After 12 months: obligations take effect for all future GPAI releases.

After 24 months: retroactive enforcement on models on the market before the Act came into law. The AI Act applies in full and most other obligations take effect.

After 36 months: obligations for all new-release high-risk systems for the private and public sector take effect.

After 48 months: retroactive obligations for high-risk AI systems by public authorities on the market before the AI Act will take effect.



EU-funded programs are being set up now to help businesses, especially small ones, develop and test new AI safely. The AI Office is designed to assist companies with compliance before the rules enter into force.





Reach out to me for advice – I have a few nice tricks up my sleeve to help guide you on your way, as well as a few “insiders’ links” I can share to get you that free trial version you need to get started.



No eyeballs to read or watch? Just listen.

The EU AI Act Explained

Designed to make sure Artificial Intelligence (AI) is used safely and ethically across Europe, the EU AI Act like a rulebook for AI development and use. AI is a powerful tool, but it can also be risky. What’s the EU Act all about, and what do you need to know? The basics in plain Human language.

About Fiona Passantino

Fiona is an AI Integration Specialist, coming at it from the Human approach; via Culture, Engagement and Communications. She is a frequent speaker, workshop facilitator and trainer.

Fiona helps leaders and teams engage, inspire and connect; empowered through our new technologies, to bring our best selves to work. She is a speaker, facilitator, trainer, executive coach, podcaster blogger, YouTuber and the author of the Comic Books for Executives series. Her next book, “AI-Powered”, is due for release soon.

[i] European Commission (2024) “AI Act; Shaping Europe’s digital future” The European Commission DG Connect. Accessed March 19, 2024. https://digital-strategy.ec.europa.eu/en/policies/regulatory-framework-ai#:~:text=The%20AI%20Act%20is%20the,play%20a%20leading%20role%20globally.&text=The%20AI%20Act%20aims%20to,regarding%20specific%20uses%20of%20AI.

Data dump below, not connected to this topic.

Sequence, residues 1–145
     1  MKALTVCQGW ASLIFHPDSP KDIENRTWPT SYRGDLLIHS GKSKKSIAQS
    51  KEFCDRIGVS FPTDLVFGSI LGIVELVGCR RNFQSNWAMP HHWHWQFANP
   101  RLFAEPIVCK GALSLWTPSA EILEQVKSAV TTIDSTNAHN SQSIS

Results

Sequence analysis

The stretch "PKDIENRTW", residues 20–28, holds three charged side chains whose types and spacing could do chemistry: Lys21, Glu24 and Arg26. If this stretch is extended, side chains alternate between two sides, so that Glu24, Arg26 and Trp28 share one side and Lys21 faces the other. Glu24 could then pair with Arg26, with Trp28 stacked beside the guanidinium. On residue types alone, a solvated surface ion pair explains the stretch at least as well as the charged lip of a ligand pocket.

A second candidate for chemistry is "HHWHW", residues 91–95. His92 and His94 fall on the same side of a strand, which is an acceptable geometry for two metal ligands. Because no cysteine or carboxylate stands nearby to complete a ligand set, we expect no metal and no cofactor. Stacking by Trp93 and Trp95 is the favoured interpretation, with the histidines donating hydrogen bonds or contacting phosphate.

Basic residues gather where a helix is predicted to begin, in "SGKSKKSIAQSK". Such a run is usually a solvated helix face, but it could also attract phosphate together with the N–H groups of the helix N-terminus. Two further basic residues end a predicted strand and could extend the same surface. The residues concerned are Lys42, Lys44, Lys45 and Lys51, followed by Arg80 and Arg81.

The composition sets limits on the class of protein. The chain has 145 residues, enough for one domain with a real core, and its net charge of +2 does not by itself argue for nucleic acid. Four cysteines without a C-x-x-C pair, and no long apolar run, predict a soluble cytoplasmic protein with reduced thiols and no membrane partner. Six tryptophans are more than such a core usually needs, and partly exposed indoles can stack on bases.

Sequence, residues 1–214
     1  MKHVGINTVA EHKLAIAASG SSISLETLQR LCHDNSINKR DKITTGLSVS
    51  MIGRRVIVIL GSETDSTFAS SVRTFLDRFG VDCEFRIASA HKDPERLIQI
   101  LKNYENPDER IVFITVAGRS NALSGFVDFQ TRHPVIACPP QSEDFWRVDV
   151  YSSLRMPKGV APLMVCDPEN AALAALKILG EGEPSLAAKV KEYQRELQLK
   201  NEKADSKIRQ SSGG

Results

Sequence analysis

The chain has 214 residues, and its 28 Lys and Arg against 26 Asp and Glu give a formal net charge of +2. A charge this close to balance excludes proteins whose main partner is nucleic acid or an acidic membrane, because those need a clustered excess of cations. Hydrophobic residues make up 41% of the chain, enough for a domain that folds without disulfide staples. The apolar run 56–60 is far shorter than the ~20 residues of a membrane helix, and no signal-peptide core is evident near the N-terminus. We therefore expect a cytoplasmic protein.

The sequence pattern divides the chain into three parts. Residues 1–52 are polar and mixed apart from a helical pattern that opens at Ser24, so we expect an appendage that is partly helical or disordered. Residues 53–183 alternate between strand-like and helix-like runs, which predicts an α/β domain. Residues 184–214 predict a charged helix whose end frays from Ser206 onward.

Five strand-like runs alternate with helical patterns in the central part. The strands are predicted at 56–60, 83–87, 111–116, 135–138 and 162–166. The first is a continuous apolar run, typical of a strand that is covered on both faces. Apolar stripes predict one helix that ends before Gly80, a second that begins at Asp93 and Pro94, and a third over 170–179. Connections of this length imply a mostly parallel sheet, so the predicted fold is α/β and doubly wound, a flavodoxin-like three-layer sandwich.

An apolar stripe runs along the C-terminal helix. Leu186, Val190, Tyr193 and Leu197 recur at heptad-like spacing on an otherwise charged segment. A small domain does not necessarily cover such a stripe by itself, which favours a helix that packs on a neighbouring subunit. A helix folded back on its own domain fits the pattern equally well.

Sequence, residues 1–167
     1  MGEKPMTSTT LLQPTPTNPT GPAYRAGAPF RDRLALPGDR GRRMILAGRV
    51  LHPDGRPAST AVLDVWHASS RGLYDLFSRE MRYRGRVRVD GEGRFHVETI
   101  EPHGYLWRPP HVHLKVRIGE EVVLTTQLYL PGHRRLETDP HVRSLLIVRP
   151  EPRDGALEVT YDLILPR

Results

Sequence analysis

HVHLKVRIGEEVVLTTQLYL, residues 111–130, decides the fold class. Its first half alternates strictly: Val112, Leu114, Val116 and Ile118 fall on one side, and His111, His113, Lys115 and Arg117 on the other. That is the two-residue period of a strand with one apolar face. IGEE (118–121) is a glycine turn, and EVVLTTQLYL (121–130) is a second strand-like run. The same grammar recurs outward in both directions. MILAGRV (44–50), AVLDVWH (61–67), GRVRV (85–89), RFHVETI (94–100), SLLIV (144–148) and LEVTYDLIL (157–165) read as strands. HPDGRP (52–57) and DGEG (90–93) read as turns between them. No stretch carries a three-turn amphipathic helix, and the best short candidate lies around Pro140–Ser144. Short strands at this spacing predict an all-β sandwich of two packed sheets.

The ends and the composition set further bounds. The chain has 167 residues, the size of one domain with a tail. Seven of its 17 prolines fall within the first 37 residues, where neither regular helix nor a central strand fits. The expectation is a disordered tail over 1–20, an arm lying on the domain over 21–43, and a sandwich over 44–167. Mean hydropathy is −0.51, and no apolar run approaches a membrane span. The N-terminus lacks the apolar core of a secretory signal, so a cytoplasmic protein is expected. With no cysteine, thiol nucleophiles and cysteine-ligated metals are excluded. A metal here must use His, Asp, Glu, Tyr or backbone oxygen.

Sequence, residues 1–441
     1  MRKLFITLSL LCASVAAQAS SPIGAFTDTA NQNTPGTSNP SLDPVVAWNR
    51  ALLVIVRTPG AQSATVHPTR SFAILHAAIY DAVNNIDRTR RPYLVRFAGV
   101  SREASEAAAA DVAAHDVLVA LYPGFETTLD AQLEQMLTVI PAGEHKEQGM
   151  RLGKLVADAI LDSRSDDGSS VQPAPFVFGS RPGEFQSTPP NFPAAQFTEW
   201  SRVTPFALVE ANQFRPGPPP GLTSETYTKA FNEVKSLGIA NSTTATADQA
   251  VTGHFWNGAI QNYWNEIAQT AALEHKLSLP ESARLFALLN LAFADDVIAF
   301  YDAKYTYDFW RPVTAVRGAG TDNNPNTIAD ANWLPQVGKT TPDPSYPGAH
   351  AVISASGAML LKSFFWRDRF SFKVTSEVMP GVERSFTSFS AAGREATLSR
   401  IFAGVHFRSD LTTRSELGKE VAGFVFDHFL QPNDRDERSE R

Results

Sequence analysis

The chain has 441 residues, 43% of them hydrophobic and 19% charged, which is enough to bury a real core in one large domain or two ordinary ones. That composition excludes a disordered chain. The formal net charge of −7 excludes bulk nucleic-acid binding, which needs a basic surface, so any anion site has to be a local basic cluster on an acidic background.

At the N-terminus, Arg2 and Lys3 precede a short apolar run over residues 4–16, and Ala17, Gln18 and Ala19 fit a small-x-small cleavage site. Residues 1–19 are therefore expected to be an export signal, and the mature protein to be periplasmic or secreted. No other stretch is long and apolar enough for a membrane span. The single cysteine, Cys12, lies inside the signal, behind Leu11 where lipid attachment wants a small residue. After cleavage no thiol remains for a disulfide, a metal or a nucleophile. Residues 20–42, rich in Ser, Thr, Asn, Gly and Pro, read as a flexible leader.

[ii] European Commission (2024) “AI Act; Shaping Europe’s digital future” The European Commission DG Connect. Accessed March 19, 2024. https://digital-strategy.ec.europa.eu/en/policies/regulatory-framework-ai#:~:text=The%20AI%20Act%20is%20the,play%20a%20leading%20role%20globally.&text=The%20AI%20Act%20aims%20to,regarding%20specific%20uses%20of%20AI.

[i] European Parliament (2024) “Artificial Intelligence Act: MEPs adopt landmark law”. European Parliament News. Accessed March 19, 2024. https://www.europarl.europa.eu/news/en/press-room/20240308IPR19015/artificial-intelligence-act-meps-adopt-landmark-law

[i] Le Mond with AFP (2024) “European Parliament adopts ‘historic’ AI Act”. Le Mond with AFP. Accessed MArch 19, 2024. https://www.lemonde.fr/en/european-union/article/2024/03/13/european-parliament-adopts-historic-ai-act_6615022_156.html

[i] European Parliament (2024) “Artificial Intelligence Act: MEPs adopt landmark law”. European Parliament News. Accessed March 19, 2024. https://www.europarl.europa.eu/news/en/press-room/20240308IPR19015/artificial-intelligence-act-meps-adopt-landmark-law

[ii] Stibbe (2023) “The EU Artificial Intelligence Act: our 16 key takeaways” Stibbe Publications and Expertise. Accessed March 19, 2024. https://www.stibbe.com/publications-and-insights/the-eu-artificial-intelligence-act-our-16-key-takeaways

[iii] EuroNews.Next (2024) “EU AI Act reaction: Tech experts say the world’s first AI law is ‘historic’ but ‘bittersweet'” EuroNews.Next. Accessed March 19, 2024. https://www.euronews.com/next/2024/03/16/eu-ai-act-reaction-tech-experts-say-the-worlds-first-ai-law-is-historic-but-bittersweet#:~:text=The%20threat%20of%20AI%20monopolies,open%20source%20companies%20like%20Mistral.